A safe zone for everyone

April 4-8 is National Work Zone awareness Week 2011, and I wish its sponsors would extend the observance to a month. It seems like during every construction season, I turn on the local news and hear a story about a roadway worker being struck by a vehicle in a work zone. One that has stuck with me detailed a horrific incident in nearby northwest Indiana last year in which a motorist speeding through a work zone struck a construction worker with such force that the worker’s body crashed through the windshield and landed on top of the driver. Chances are good you have heard equally disturbing stories in the state where you live.

Driving the posted speed limit in a work zone is not always easy; in my experience, doing so pretty much guarantees a full view of the vehicle behind me and its impatient driver in my rearview mirror. I have been the object of extreme tailgating, angry gestures, and aggressive NASCAR-like swerving back and forth by motorists young and old. Sometimes it takes effort to keep my cool.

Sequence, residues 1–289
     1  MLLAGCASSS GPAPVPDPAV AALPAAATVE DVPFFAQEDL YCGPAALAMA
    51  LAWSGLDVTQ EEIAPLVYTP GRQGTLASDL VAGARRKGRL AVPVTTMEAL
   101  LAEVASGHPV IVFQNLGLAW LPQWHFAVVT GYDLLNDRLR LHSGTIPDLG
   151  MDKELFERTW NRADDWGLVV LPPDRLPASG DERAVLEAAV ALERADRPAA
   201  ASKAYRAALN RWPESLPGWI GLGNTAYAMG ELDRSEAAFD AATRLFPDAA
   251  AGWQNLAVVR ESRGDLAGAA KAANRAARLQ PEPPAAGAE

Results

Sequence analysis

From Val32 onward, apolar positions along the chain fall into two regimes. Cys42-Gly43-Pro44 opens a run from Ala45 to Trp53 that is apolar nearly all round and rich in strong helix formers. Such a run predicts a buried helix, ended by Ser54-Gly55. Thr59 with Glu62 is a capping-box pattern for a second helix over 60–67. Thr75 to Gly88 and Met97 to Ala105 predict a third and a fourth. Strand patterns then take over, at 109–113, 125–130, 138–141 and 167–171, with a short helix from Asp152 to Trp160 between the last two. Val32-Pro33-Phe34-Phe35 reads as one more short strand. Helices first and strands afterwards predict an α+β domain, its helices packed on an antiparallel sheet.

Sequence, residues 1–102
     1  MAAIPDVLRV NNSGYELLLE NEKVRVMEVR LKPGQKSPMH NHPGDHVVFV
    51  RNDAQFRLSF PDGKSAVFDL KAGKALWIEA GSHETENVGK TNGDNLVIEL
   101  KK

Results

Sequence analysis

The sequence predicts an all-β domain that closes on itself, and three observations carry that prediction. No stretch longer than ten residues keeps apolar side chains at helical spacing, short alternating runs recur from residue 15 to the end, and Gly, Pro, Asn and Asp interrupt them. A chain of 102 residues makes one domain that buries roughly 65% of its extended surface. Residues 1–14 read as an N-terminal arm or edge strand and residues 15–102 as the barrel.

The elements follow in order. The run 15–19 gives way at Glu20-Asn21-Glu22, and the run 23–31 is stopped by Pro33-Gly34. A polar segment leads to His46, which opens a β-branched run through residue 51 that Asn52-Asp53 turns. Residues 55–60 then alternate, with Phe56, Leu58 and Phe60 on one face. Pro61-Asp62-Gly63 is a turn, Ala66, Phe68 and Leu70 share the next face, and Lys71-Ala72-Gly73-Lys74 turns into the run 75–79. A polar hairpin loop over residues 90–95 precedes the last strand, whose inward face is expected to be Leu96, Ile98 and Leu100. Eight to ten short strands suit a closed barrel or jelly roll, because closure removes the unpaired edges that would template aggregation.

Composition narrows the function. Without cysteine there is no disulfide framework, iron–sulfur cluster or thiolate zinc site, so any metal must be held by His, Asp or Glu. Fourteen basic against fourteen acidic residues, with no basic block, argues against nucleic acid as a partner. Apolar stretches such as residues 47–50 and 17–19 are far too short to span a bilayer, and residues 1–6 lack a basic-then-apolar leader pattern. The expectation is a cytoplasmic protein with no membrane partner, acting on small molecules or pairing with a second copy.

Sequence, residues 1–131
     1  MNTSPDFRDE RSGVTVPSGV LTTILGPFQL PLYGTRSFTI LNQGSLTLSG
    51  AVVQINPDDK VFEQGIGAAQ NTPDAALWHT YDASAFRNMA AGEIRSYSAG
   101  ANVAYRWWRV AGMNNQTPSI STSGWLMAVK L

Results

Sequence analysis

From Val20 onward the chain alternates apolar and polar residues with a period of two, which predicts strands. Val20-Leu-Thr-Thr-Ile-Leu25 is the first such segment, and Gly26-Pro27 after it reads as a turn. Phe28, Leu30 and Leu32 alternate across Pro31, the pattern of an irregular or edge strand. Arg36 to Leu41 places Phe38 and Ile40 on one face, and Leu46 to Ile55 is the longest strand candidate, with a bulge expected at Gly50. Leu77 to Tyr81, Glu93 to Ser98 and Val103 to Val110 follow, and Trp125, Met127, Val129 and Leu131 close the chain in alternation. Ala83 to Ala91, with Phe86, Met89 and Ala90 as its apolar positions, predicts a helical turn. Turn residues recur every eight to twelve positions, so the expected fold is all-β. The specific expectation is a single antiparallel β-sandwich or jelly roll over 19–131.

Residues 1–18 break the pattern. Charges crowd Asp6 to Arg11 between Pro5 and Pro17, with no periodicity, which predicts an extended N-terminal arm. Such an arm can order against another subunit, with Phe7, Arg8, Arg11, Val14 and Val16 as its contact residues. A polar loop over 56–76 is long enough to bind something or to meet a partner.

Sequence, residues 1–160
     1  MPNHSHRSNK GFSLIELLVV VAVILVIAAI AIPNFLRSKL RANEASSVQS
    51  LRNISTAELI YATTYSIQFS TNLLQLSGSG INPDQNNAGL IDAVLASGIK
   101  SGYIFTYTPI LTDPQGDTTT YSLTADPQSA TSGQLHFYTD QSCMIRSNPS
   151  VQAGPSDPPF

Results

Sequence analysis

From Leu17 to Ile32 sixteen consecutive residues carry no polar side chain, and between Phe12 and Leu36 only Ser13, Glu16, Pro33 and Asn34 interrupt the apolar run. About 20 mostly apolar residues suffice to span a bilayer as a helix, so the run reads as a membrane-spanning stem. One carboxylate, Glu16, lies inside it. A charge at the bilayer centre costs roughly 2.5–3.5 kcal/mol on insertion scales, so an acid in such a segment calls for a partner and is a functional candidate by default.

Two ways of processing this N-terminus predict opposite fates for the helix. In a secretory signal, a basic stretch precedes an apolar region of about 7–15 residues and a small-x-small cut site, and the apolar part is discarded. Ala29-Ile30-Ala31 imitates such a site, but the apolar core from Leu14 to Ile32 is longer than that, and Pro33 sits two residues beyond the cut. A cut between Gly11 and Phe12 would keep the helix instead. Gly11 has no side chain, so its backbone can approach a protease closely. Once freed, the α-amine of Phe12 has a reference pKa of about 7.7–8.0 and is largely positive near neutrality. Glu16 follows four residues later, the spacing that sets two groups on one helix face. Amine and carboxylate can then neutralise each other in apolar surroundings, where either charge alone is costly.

I am not going to preach to the choir by asking safety professionals to slow down and stay observant to help keep roadway work zones safe, but I hope you will use some of the free resources available on the National Work Zone Safety Information Clearinghouse website (www.workzonesafety.org) to pass that message on to your employees. The Federal Highway Administration’s most recent data shows that in 2009, 667 workers and motorists were killed in highway work zones. Please remind your employees that when they enter a construction zone, they are in someone else’s workplace; and the efforts they make to keep themselves and their co-workers safe on the job should be extended to the drive home.

The opinions expressed in "Editor's Note" do not necessarily reflect those of the National Safety Council or affiliated local Chapters.

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